Rene Rast on Berlin, adapting to Formula E, and racing in the Audi Sport stable

Rene Rast makes a full-time ABB FIA Formula E World Championship return for 2020/21 after an impressive six-race stint with the team at Berlin’s Tempelhof Airport Circuit to round out Season 6.

Audi Sport ABT Schaeffler has confirmed that the German would re-join alongside Lucas di Grassi for the forthcoming campaign. Rast was initially parachuted into the team, in place of Daniel Abt, for what wound up being an eye-catching spell on home soil which yielded 29 points and a maiden Formula E podium in Round 10.

“It was very similar for most of the drivers, at the time,” said the 34-year-old. “We hadn’t been in the car for a very long time, from March or April time and for a racing driver that’s very unusual – we never have such a long time off.

“I was in the simulator for many days and obviously, for me, there was also the DTM (German touring cars) running alongside this. Everything just started at once and I was on the road for I don’t know how many weeks in a row without being home for more than one or two days at a time so it was quite a challenge.

“It was zero-100 very quickly. Add to that, Formula E being all-new once again and I had to learn a lot of the systems and how the Gen2 car works. Then in August, we had DTM races and a back-and-forth between those and the Berlin season finale. It was crazy!”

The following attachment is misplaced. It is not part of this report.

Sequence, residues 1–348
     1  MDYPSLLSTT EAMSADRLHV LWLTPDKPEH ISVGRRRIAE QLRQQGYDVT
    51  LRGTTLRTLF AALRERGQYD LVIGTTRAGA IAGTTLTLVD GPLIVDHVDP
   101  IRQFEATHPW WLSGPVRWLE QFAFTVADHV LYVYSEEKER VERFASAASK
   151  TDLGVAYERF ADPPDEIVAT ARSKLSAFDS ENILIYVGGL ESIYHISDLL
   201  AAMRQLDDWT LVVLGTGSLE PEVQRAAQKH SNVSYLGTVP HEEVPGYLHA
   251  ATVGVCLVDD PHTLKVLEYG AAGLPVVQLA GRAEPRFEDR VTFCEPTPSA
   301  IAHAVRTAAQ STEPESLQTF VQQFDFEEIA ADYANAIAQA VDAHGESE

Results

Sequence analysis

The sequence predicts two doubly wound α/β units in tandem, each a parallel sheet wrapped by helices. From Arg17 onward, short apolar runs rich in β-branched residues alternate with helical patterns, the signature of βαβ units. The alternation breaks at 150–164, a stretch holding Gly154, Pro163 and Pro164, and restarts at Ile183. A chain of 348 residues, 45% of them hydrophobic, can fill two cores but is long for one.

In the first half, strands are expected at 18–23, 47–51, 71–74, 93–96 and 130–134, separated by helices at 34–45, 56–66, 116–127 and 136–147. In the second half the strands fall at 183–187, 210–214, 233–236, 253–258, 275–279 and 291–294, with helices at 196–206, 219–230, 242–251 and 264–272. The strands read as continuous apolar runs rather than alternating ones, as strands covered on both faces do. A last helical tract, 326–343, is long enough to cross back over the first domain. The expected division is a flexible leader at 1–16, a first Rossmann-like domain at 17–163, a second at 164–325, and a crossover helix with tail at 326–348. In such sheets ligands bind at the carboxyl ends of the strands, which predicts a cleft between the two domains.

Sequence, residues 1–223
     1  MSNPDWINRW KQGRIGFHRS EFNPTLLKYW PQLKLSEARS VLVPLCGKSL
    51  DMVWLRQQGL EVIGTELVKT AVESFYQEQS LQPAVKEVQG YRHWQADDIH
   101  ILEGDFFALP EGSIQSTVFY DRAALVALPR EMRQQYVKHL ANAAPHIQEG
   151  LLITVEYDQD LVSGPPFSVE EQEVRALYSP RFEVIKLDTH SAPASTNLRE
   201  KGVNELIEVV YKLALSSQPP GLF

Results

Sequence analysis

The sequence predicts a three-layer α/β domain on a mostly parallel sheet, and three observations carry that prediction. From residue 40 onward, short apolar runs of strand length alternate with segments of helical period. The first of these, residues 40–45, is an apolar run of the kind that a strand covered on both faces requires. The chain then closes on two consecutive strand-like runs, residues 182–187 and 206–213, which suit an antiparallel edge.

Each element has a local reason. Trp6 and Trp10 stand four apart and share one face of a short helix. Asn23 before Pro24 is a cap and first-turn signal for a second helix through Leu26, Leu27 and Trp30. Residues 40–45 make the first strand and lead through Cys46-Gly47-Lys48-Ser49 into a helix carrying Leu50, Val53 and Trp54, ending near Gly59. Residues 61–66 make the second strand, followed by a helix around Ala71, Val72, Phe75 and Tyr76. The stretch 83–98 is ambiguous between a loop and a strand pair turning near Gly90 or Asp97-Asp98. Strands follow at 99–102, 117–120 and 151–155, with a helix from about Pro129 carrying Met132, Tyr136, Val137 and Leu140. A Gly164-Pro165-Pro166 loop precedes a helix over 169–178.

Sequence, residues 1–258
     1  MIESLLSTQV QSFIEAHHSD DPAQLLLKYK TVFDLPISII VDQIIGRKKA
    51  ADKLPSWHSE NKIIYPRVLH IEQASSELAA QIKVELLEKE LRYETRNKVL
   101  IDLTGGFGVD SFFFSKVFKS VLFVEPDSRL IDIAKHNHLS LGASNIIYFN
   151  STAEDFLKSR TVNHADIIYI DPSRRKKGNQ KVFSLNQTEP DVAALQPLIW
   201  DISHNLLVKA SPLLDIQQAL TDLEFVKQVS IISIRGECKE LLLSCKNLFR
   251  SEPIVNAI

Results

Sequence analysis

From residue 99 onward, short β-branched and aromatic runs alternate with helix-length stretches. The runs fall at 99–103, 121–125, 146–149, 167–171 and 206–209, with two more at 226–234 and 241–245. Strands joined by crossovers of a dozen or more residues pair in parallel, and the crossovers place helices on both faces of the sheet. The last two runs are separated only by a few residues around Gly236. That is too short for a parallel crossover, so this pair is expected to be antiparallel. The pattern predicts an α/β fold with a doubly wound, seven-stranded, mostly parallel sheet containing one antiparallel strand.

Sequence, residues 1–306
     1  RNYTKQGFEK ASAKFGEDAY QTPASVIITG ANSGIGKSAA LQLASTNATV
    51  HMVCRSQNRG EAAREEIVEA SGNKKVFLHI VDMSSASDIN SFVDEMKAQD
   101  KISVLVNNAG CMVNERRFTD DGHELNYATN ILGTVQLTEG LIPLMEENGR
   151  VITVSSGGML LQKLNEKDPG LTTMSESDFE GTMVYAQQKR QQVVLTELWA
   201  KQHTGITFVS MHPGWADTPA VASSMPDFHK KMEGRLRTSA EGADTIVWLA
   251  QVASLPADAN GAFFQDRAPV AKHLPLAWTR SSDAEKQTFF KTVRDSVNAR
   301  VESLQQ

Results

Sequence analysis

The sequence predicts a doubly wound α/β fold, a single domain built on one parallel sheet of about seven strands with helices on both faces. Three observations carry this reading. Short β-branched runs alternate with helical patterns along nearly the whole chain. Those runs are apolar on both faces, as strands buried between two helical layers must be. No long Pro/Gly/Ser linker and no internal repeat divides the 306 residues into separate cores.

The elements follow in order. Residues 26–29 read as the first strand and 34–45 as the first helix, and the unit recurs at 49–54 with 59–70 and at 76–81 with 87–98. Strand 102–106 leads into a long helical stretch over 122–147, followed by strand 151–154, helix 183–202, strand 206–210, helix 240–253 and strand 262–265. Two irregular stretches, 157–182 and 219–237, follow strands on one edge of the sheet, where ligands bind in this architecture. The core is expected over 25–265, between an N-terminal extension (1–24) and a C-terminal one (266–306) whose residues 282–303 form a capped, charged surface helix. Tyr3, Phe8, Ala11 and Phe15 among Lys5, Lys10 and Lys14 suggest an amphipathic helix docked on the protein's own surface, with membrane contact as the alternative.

Race Highlights | Round 10 | 2020 Berlin E-Prix

In at the deep end

Rast’s commitments as part of the Audi Sport stable of drivers meant adjusting fast was a must if he was to make meaningful progress during his time in-car at Tempelhof.

It’s tough enough making the switch between disciplines on a games console, let alone doing it for real in as pressured an environment as Formula E's nine-day six-race season finale.

As it happened, that quick-fire batch of races proved to be more a positive for someone jumping into the cockpit fresh, looking to learn fast and contribute effectively to the Audi cause. Rast was able to correct early mistakes and familiarise himself with new surroundings in double-quick time on his way to pace, points and a podium.

“The biggest difference between what I’m used to and Gen2 was the power and how it’s delivered, and the vision with Halo on the Formula E car and the covers over the wheels,” continued Rast. “It changes the way you look through corners as the apex is blocked – it’s not easy.

“The most important thing for me to do was to understand the tire. It has a big influence and you have to know how to treat it to be quick for one lap in qualifying as that sets you up for the whole weekend.

“The last two or three races in Berlin, I’d started to get a grasp on it and before that it was a bit of a guessing game to see what worked best for me.

“Then, the next challenge was the energy management in the races as you need to change your driving style to be more efficient, between qualifying and the race. Taking different lines and different approaches to your style itself was all tough but I had time to learn at Tempelhof.

“It was a bit of a process and in the first race I didn’t know what to expect. The first two or three races were like being thrown in at the deep end!

"I made mistakes and I learned a lot from them across all kinds of races, having to start from the pit-lane, midfield and fighting at the front as well as some races I just managed without a real battle. It was extremely valuable to me coming in cold.”